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Employer Negligence Under the Jones Act

Posted in Get To Know Maritime Law on October 9, 2018

Offshore work is one of the most dangerous jobs in America and requires vessel owners to ensure the safest working conditions to diminish any potential risk to employees.

Unfortunately, some employers may skip out on providing the maintenance the vessel needs or avoid updating equipment as needed. This negligence can result in unsafe working conditions.

As a maritime worker, you should not have to suffer as a result of your employer’s negligence.

Seamen are protected by the Jones Act and the qualified Houston maritime lawyers at Lapeze & Johns, PLLC., can help you to get the compensation you deserve if you’ve been injured.

What is negligence?

It is considered to be negligence when an employer breaches what is known as Standard of Care. This means they are not able to take reasonable actions to avoid acts or omissions which they could reasonably foresee would likely injure an employee.

Therefore, negligence can be committed in two ways: by incorrect action or lack of action. Negligence by incorrect action would be making a decision knowing that this would put crew members in danger.

On the other hand, committing negligence by lack of action would be ignoring or skipping an action that could prevent the injury of a worker.

Negligence Under the Jones Act

Under the Jones Act, it is considered to be negligence when an employer is unable or unwilling to reach normal precaution standards that would help a worker avoid becoming injured.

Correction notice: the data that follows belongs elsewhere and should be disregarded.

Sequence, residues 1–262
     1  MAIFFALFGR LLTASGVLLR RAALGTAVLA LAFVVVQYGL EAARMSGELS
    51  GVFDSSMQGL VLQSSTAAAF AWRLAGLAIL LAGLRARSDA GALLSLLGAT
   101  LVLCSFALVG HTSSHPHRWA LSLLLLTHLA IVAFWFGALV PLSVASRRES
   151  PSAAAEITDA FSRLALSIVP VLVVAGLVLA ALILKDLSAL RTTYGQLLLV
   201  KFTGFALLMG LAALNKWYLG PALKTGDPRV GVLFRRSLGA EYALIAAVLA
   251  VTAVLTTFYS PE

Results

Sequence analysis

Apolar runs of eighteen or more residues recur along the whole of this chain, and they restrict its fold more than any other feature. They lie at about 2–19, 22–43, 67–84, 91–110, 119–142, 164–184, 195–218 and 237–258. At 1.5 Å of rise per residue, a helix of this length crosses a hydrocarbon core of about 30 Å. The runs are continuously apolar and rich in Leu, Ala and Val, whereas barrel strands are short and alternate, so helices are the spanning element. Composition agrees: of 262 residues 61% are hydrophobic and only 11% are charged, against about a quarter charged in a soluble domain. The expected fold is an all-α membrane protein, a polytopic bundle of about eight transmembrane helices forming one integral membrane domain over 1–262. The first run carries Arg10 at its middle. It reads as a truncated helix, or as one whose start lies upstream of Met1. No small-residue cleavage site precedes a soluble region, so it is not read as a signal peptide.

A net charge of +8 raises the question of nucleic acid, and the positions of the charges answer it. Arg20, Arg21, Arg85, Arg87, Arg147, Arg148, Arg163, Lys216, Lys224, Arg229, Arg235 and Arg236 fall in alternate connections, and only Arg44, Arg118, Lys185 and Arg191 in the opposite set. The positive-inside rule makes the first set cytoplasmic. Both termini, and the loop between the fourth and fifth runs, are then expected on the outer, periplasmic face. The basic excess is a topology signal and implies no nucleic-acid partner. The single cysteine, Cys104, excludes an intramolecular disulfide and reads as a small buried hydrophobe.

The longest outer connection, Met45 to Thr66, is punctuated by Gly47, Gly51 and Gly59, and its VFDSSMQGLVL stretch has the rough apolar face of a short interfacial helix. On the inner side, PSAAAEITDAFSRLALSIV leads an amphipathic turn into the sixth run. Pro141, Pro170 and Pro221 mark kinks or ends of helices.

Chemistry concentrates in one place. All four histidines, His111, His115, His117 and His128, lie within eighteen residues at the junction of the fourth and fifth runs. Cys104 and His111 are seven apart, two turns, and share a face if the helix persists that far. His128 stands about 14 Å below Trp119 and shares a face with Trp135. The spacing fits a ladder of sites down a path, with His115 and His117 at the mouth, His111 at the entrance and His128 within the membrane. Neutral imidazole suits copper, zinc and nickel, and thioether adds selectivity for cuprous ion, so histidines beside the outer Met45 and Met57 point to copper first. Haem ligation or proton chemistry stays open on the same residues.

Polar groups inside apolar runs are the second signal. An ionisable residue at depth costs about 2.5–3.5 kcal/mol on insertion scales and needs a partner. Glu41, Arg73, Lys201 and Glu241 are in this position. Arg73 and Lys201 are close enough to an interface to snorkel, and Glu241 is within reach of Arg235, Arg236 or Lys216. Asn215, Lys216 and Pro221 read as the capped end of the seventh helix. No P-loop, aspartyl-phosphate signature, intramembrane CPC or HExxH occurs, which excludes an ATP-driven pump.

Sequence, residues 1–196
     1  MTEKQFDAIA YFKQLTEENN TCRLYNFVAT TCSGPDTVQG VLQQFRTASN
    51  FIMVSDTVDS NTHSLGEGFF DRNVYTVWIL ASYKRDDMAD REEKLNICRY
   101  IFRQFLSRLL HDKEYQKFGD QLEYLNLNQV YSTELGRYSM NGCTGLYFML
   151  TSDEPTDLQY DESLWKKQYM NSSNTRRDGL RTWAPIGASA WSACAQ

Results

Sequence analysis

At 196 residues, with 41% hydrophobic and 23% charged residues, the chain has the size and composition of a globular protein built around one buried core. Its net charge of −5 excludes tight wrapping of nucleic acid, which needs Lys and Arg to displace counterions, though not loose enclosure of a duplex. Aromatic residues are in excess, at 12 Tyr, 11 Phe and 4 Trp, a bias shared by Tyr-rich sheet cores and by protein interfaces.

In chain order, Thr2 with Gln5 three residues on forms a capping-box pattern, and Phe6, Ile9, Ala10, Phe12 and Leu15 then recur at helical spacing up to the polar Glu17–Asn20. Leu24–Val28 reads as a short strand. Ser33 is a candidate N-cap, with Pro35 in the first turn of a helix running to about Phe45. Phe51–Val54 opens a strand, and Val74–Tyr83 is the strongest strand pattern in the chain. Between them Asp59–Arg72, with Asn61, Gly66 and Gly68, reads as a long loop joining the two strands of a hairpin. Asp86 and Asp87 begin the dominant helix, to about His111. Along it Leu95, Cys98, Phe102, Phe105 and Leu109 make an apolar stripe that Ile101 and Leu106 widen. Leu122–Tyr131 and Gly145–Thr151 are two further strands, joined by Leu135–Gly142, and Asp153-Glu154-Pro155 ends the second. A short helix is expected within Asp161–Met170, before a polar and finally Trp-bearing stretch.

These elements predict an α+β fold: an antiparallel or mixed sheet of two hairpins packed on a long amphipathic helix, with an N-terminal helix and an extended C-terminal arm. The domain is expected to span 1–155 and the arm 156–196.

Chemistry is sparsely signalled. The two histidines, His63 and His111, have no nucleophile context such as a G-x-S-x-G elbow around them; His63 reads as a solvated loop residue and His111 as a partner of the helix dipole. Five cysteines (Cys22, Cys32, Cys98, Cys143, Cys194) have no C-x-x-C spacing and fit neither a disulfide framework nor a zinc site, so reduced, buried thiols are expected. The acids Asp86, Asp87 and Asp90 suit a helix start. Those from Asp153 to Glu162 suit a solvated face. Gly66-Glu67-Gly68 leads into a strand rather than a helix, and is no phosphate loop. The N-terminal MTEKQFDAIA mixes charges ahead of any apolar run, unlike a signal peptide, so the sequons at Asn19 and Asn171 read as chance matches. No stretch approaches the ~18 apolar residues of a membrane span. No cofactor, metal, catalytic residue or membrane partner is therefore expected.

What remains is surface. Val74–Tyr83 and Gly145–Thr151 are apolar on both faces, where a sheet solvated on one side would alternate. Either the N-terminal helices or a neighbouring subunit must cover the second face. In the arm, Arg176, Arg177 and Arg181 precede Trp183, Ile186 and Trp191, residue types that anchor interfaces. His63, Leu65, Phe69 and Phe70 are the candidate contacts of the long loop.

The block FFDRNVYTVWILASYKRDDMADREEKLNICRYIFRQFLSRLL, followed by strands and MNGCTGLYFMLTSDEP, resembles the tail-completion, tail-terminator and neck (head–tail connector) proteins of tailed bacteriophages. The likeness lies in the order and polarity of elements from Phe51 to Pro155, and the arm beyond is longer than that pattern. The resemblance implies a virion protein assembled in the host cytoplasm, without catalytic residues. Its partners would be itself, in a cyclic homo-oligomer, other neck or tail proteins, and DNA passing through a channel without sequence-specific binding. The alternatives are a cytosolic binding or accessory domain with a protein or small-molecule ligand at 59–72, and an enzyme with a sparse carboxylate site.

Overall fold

The Jones Act has very strict requirements when it comes to vessel safety standards. Almost anything out of line could make the employer liable for an accident.

Some actions which could be considered negligence include:

  • Failure to maintain safety in the work area.
  • Not warning employees of danger.
  • Vessel not complying with OSHA standards.
  • Not providing assistance to an injured worker.
  • Lying to seamen.
  • Plot course through dangerous waters and hazards.
  • Ordering seamen to take dangerous actions.
  • Ordering workers to do work they are not trained for.

Whatever the negligent behavior is, it is important to collect proof of it after the incident. If you have been injured:

  • Get help immediately; you have the right to be taken back to shore to receive medical care.
  • Request a medical report that documents the injuries suffered from the incident.
  • Take pictures of the scene of the accident, if possible.
  • Try to get statements from witnesses.

Most importantly, get a maritime lawyer who can guide you through the dark waters of maritime law.

With over 30 combined years of experience helping maritime workers along the Gulf Coast, you can put your trust in the hands of our professional offshore lawyers. Contact us today at (713)739-1010 to schedule a free case review.